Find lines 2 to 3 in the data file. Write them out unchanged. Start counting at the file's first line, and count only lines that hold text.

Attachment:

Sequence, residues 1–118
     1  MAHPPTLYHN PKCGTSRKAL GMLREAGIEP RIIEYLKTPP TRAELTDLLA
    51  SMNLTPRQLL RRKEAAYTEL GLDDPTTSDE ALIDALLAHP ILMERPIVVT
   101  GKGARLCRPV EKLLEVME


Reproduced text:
     1  MAHPPTLYHN PKCGTSRKAL GMLREAGIEP RIIEYLKTPP TRAELTDLLA
    51  SMNLTPRQLL RRKEAAYTEL GLDDPTTSDE ALIDALLAHP ILMERPIVVT